Overview - Years ago, Katie Sanford's husband was convicted of the murder of Jenny Robbins, then died himself in prison. It's a small town and memories are long, and Katie and Jenny's husband, Chief of Police Jake Robbins, have had to work at putting the tragedy behind them. Read more...
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More About Without Warning by David Rosenfelt
Years ago, Katie Sanford's husband was convicted of the murder of Jenny Robbins, then died himself in prison. It's a small town and memories are long, and Katie and Jenny's husband, Chief of Police Jake Robbins, have had to work at putting the tragedy behind them. But it's all brought up again in the wake of a hurricane which has just wreaked havoc on their quiet Maine town. Since its founding, Wilton has had a quaint tradition of creating a time capsule every fifty years, and the storm unearthed the most recent capsule. As the editor of the local paper, Katie joins Chief Robbins to supervise its opening. Neither of them is prepared for the macabre set of predictions, dating back to months before Jenny's murder, that they find inside. Someone predicted her death, as well as eleven other tragedies, which are still occurring even long after the death of Katie's husband. At last, after all these years, Katie has reason to hope that her husband might not have been guilty of Jenny's murder after all. But as she and Jake race to stop the next predictions from coming true, they find themselves caught in a terrifying mind game with no rules and life or death consequences.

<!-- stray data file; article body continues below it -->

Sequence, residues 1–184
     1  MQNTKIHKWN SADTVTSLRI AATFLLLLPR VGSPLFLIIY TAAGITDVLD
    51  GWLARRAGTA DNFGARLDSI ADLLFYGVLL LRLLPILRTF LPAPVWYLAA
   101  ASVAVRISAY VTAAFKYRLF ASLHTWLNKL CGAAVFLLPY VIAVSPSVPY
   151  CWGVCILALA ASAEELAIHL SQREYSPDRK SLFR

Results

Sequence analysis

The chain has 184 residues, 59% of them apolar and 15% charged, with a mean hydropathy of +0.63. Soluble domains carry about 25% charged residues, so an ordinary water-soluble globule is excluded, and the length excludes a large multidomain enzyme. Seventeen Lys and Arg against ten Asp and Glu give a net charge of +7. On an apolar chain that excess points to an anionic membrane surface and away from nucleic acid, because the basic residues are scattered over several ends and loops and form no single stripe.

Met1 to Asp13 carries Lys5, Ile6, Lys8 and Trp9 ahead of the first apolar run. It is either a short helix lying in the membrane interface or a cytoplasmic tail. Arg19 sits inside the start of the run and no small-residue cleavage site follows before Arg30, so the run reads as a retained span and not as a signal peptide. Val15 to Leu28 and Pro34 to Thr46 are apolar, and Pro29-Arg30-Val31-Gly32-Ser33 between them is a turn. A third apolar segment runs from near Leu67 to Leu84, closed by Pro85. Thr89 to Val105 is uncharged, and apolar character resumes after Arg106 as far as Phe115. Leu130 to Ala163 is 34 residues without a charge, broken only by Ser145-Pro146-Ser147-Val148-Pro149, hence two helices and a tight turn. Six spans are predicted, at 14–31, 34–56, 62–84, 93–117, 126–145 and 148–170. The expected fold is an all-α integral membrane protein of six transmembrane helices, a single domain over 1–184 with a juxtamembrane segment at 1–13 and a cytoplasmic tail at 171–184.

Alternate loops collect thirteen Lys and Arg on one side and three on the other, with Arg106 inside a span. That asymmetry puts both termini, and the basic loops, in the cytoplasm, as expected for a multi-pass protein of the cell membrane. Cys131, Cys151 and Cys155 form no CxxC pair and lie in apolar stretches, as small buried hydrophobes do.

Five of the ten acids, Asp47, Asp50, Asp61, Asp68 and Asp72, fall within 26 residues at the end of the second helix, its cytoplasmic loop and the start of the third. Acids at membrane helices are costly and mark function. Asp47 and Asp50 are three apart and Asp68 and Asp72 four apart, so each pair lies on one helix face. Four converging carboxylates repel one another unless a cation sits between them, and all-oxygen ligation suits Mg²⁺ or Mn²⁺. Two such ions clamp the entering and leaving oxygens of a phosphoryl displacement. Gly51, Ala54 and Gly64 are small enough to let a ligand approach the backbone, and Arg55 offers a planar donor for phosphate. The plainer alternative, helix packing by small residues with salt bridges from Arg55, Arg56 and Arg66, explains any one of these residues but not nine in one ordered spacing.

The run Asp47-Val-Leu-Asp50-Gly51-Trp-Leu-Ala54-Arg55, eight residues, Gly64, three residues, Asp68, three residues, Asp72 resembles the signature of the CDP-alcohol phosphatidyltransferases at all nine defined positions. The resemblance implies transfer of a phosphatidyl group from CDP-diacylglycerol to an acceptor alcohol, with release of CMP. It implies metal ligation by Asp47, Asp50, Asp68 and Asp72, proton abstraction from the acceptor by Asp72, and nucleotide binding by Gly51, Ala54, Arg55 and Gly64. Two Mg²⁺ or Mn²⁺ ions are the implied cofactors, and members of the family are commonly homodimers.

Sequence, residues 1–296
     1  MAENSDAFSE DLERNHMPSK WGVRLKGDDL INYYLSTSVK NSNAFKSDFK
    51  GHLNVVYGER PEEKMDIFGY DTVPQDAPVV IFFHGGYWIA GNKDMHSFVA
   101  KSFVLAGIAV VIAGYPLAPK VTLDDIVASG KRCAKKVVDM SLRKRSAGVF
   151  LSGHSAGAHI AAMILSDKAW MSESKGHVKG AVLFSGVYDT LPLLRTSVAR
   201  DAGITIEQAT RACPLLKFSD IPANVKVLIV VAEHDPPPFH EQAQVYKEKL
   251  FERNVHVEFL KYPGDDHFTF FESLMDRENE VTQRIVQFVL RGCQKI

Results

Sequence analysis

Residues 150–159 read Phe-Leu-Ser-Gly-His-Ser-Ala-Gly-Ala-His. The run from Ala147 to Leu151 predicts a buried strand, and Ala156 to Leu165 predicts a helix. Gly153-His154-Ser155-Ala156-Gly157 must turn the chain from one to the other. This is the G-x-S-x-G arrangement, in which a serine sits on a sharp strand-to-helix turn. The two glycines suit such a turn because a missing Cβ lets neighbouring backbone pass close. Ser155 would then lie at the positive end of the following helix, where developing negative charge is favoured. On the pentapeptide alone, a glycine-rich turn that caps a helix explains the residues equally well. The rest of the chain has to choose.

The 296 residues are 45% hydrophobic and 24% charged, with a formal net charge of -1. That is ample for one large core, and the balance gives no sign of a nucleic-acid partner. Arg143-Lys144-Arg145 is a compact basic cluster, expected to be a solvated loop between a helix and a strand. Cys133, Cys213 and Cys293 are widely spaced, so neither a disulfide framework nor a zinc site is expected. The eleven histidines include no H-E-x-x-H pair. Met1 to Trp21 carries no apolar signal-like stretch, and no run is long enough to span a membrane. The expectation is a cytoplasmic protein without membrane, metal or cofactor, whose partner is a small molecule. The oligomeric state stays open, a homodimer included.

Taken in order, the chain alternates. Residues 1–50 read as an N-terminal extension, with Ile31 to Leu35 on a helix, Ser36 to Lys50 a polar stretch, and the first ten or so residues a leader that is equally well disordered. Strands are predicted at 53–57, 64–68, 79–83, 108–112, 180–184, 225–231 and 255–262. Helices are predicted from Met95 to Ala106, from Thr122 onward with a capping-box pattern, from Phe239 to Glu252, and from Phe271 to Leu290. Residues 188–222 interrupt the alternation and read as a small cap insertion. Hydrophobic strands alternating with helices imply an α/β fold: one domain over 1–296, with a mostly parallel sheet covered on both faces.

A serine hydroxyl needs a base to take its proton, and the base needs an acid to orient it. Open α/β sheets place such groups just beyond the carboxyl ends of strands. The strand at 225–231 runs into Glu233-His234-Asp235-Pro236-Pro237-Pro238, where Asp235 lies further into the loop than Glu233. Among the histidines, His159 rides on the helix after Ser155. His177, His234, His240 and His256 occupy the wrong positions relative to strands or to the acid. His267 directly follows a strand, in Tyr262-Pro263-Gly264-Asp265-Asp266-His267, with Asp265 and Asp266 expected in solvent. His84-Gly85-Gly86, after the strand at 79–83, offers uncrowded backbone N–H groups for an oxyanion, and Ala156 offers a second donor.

Publishers Weekly Reviews
Publishers Weekly® Reviews
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Rosenfelt’s latest hapless hero, Jake Robbins, is the police chief of Wilton, Maine, a job that becomes considerably more difficult after a powerful hurricane and flood unearth the town’s 50-year time capsule about 46 years prematurely. It was put in the ground several months before Jake’s wife, Jenny, was murdered. Inside, Jake finds are skeletal remains and a set of predictions about future crimes that accurately describes Jenny’s death along with several other murders. Narrator Steitzer, who has recorded several of Rosenfelt’s recent novels, uses a strong, resonant voice for the stalwart Jake. The police chief narrates much of the book, starting out casually and naturally, but becoming more emotional as the mysterious killer tightens the frame. Steitzer takes an appropriately more detached approach to the objective chapters. The men who work for Jake speak in different shades of gruff. The unsympathetic mayor sounds like the boisterous phony the author describes. Reporter Matt Higgins is aggressively ambitious. The result is a entertaining whodunit. A Minotaur hardcover. (Apr.)